In most large American cities, city directories began to be published around the beginning of the 19th century. For smaller cities, directories may not have appeared until the late 19th or early 20th centuries. Coverage varies by publisher, but most include only heads of households and those owning or working in a local business. Most directory publishers gathered data through a door-to-door canvas, relying on the voluntary cooperation of residents. If the resident was not at home, an information slip was left, which the resident may or may not have chosen to complete and return to the publisher. African-Americans, when included, are generally identified by a racial designation (e.g., "col'd"), or may be listed in a separate "colored" section. Women who are running a business or selling goods or services are also listed (otherwise, women appear only if widowed).                                                                                               

More than just a listing of names and addresses, city directories usually also include some (or many) business advertisements, and may also have a separate business section or "commercial register" at the back, arranged by category rather than simply alphabetically. So make sure you explore beyond the alphabetical listings of names.


New York City Directory 1875-1876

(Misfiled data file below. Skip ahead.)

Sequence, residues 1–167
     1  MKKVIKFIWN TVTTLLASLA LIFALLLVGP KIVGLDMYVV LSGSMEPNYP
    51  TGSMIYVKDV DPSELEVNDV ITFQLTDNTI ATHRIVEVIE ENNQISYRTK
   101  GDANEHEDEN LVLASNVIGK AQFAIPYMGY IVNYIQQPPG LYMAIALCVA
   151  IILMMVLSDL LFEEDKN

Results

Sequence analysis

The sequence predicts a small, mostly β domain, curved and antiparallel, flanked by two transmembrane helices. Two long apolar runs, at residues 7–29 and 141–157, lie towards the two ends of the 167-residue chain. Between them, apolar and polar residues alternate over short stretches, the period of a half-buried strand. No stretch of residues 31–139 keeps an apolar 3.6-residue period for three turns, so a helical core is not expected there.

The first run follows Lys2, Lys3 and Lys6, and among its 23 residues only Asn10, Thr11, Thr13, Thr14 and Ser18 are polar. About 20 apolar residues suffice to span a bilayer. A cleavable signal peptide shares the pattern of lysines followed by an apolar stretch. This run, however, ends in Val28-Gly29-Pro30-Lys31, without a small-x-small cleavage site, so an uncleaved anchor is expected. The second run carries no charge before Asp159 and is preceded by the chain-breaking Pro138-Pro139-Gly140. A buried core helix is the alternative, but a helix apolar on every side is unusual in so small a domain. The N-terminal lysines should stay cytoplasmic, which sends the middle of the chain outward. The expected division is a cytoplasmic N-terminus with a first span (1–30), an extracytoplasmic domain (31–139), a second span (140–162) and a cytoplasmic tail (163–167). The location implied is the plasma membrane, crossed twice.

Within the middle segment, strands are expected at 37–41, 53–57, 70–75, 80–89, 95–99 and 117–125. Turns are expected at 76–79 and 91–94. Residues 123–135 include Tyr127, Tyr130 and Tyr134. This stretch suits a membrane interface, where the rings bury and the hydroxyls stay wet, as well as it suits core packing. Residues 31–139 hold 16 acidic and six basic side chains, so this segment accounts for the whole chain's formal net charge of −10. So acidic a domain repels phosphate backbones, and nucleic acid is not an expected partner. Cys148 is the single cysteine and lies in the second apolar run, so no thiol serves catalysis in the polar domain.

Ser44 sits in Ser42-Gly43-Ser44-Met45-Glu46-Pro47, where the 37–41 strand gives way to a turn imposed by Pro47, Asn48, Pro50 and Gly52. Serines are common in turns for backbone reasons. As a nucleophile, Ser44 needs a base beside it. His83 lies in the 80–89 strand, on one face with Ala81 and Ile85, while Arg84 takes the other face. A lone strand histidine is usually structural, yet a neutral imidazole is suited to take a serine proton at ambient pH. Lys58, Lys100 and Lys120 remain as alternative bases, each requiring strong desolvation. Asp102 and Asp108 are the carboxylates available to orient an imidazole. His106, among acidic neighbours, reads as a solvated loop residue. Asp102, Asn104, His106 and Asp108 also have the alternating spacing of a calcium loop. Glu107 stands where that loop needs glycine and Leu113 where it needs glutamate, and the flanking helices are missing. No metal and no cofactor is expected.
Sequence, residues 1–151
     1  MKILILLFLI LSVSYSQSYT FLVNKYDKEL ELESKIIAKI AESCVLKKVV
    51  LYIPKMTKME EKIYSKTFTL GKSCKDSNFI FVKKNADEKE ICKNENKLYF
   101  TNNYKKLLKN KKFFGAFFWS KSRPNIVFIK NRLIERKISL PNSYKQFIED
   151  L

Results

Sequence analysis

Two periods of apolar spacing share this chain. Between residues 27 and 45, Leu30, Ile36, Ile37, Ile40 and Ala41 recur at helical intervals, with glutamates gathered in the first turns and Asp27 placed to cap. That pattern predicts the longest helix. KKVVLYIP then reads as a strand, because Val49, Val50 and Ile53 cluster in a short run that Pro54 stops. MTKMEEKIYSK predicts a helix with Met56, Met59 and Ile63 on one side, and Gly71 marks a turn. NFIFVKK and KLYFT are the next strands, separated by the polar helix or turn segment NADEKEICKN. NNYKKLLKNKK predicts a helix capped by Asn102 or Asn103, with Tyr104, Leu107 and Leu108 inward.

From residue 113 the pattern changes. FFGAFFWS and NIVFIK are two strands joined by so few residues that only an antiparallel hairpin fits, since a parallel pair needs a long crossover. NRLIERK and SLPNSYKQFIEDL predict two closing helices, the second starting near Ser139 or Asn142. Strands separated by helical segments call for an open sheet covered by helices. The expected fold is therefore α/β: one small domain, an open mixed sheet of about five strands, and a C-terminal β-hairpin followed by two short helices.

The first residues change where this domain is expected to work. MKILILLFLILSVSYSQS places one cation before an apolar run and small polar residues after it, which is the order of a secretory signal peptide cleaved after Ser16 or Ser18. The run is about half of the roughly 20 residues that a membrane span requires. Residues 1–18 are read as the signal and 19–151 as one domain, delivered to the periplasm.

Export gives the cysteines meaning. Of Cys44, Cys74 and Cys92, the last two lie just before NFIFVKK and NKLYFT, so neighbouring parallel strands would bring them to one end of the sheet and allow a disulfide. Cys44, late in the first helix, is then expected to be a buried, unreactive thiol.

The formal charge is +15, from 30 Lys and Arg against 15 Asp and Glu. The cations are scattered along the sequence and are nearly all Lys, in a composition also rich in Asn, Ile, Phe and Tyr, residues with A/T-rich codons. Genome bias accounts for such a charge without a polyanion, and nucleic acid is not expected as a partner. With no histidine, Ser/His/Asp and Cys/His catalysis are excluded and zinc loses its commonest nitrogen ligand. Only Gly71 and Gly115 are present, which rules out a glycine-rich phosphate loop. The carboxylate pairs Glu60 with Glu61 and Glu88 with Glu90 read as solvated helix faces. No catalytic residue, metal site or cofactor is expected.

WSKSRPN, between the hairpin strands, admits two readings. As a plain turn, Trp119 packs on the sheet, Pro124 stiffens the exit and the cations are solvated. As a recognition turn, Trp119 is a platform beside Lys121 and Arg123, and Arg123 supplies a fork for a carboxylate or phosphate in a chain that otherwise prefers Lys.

NYPL DIgital Collections Image ID 56790448

And don't stop with advertisements: city directories are wonderfully informative about many aspects of your ancestors' lives beyond mere business. They may include lists of clubs and organizations, government agencies, banks and insurance companies, churches, docks and wharves, ward maps, and many other details that will enrich your understanding of the community in which a historic business operated. 

Locating city directories

Regular publication of New York City directories dates back to 1786, when David Carroll Franks published the New-York Directory (available online through Columbia University Libraries’ Digital Collections). With a few gaps, city directories were published annually thereafter.

Free online sources for NYC directories:

Many early New York City directories are now freely available online through the following sources:

NYC directories available on-site at NYPL: